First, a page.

Driving change for 35 years and more
In 2022, Horrex turns 35 years young. We talked to the founder Ed Gennissen to recall some fond memories along this journey and refresh the vision for the future.
In 1987, Ed started the business in his cellar. Initially he was making fly screens for houses. During an accidental visit to a caravan show, he was surprised to discover that there was nothing for the caravan doors, except the so-called “cat tail” curtains to cover the space.
“I made the first bifold fly screen door. It can be folded in the middle. So it doesn’t stick out too much in the caravan and saves space,” says Ed.
Ed had a big vision for his small “child” at that time. In the name of Horrex, hor means fly screen door in Dutch while rex means king in Latin. “If you are an entrepreneur, you should not be modest,” smiles Ed.
He also created a slogan “Driving Change”, which implies how the business drives innovation. Indeed, Horrex is the first to roll out many game-changing products, such as the pleated fly screen doors and slide-outs with curved corners to prevent leakage.
Many do not notice that this slogan is in the art deco style, a style of visual art, architecture and design that appeared in France in the 1920s. It was the first time that people could embrace design into their everyday life, as many tasteful products came at affordable prices. That is also the vision of Horrex一 to supply well-designed, quality products at surprisingly good prices.
The first customer is Kip Caravan, one of the oldest caravan manufacturers in Europe. By installing fly screen doors, Kip motivated other manufacturers to do so as well. This trend has become a standard. “Now everywhere in every caravan, there is a fly screen door,” Ed says proudly.
To get more customers, Ed was traveling all over the world. “Monday US, Friday Australia ... I could go on like this forever,” Ed says. “No jet lag at all.”
All these fruitful meetings turned into trustful relationships over the years. He estimated that 90 percent of customers stay with Horrex, regardless of the ups and downs in the market.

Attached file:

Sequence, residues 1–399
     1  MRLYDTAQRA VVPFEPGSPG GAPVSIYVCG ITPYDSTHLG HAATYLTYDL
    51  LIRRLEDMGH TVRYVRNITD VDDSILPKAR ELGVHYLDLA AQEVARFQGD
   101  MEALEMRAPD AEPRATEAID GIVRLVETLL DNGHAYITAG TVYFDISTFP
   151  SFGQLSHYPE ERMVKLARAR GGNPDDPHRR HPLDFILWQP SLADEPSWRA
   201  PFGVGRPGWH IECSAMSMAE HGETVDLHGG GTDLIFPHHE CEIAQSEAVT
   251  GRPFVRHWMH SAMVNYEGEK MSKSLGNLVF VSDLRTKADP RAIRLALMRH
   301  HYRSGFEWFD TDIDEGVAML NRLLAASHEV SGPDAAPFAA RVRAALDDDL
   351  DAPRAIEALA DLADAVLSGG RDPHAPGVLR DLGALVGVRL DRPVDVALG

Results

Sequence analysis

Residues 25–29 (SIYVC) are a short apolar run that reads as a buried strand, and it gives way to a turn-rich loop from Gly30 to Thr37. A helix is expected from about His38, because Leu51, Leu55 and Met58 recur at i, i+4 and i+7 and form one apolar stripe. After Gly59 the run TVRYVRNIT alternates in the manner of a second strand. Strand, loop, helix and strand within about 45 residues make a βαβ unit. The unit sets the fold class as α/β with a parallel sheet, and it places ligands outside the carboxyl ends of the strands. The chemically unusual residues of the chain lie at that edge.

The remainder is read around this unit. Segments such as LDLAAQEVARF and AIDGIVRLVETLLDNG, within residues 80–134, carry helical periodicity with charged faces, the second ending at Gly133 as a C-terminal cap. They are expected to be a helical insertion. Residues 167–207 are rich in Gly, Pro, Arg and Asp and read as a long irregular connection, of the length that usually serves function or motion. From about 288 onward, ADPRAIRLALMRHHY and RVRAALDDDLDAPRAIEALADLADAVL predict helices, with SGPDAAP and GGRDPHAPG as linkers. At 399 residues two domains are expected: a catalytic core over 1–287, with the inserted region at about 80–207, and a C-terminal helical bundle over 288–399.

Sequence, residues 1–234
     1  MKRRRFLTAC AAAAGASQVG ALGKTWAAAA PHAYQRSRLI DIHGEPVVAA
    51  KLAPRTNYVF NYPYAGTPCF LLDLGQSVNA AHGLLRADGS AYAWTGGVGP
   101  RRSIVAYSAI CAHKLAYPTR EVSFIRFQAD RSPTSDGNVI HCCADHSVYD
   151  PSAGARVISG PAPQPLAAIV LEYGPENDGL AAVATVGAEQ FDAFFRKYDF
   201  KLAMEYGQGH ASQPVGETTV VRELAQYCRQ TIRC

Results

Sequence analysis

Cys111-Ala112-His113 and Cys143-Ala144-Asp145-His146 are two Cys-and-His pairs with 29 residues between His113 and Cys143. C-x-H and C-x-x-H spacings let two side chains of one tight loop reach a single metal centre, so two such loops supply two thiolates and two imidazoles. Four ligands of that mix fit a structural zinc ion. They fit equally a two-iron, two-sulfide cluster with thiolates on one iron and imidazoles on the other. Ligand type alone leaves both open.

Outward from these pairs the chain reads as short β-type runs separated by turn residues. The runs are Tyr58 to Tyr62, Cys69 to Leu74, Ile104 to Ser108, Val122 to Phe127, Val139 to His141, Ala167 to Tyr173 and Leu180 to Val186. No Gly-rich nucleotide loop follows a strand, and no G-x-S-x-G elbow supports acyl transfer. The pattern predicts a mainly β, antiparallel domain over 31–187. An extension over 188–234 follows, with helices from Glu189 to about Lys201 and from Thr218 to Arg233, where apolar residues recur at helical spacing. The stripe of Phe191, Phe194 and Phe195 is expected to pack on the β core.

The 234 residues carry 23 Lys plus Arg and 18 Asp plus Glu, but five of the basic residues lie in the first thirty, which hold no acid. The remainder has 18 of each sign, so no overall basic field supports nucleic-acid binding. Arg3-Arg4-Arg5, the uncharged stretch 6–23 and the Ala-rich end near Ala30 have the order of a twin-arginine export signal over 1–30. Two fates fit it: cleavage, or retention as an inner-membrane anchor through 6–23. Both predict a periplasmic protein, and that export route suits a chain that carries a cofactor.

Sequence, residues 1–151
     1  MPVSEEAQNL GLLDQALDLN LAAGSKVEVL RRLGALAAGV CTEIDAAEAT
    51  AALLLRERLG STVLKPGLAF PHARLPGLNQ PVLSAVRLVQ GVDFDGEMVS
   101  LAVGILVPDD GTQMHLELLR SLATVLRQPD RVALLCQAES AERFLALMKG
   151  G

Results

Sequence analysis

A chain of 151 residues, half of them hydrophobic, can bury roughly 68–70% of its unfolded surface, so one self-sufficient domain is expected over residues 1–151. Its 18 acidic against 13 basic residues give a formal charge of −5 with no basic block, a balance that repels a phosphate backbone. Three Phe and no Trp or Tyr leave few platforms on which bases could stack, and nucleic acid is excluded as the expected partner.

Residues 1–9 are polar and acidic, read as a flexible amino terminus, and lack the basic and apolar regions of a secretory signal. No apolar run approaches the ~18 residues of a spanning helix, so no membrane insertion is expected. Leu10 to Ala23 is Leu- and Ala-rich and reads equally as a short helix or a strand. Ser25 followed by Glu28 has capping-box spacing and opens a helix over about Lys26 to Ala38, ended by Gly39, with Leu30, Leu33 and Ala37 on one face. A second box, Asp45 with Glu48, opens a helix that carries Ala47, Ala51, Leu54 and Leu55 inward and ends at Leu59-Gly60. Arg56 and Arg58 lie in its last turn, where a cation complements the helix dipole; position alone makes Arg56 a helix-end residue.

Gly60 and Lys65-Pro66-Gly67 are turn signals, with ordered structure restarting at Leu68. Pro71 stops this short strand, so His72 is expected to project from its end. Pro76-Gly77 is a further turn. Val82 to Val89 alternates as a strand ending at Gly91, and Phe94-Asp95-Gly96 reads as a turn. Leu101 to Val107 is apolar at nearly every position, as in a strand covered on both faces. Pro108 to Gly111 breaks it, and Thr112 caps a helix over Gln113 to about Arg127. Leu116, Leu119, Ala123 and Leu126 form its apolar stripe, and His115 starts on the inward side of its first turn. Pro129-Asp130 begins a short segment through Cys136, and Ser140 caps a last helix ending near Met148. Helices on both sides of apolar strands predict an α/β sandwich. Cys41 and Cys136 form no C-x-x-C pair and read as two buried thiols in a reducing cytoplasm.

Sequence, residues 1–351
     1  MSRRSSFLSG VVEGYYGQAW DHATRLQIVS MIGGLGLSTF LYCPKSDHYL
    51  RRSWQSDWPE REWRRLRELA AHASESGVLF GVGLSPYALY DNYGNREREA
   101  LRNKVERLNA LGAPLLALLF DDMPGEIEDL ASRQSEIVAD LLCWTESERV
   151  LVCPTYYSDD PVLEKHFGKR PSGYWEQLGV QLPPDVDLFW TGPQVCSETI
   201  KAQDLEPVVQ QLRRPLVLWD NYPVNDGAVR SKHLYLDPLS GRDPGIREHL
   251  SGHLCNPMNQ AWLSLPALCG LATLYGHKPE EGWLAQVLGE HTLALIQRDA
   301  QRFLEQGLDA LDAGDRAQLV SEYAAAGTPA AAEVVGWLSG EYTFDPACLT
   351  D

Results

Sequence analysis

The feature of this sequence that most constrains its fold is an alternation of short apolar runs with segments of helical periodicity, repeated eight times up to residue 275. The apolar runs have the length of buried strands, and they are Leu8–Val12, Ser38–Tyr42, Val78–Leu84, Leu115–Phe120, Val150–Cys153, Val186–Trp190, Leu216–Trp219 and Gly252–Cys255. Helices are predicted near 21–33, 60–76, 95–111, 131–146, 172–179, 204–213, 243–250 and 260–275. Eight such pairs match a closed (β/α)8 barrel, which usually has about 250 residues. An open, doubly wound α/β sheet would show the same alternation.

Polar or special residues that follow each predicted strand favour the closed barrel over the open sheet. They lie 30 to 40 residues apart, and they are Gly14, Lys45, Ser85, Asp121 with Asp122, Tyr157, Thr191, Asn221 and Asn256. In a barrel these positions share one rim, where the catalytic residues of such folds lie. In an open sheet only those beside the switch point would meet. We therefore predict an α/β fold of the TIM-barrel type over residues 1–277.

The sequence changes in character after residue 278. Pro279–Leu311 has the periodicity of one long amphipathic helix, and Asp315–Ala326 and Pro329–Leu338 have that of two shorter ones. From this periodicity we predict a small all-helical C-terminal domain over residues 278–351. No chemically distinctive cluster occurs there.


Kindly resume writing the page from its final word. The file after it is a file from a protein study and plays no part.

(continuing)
“It is not just about sales. It is also about having fun together,” Ed recalls a game played by the exhibitors in the earlier days of the Caravan Salon, the world's largest trade fair for motor homes and caravans. As this show spans over two weekends, Ed’s Scottish friend invented a contest to keep everyone entertained during the quiet weekends.
To get a guy with leather trousers to the stand, one would get five points. To get a child with a balloon, one would get ten points. When a child with a balloon appeared in the hall, these stand owners called each other excitedly and everyone was trying to attract the child.
Whoever earns 100 points over the weekend can get a bottle of champagne. But what was the secret to earning more points? Perhaps pierce the balloon and make the child burst out crying (sorry for our wicked imagination).
For all these years at Caravan Salon in Düsseldorf, Ed is strangely loyal to a small family hotel. The hotel lady is truly a character who spices up the whole Düsseldorf experience. Strict and a bit tense, she can make the most mischievous guests behave.
Nevertheless, she is sweet in her own ways, as she prepares various tasty sandwiches for guests who rush to the show in the morning. But do not dare to “smuggle” more than one sandwich.
Besides this strange tradition to stay in the same hotel, Horrex has many other traditions such as hosting a barbecue every summer. Everyone is welcome, including three office dogs Boris, Ori and Trixie.
As to the future, Ed aspires not only to drive change, but also to catch waves in the new markets. “In Asia, the market is growing, from China to South Korea and Vietnam. People have more spare time and hopefully they want to spend it in a caravan. We want to be present in those markets and see the developments,” says Ed.
This time, he is not alone.
“We have a team that can bring the company to the future,” he says. “Together with good people, we can raise Horrex together.”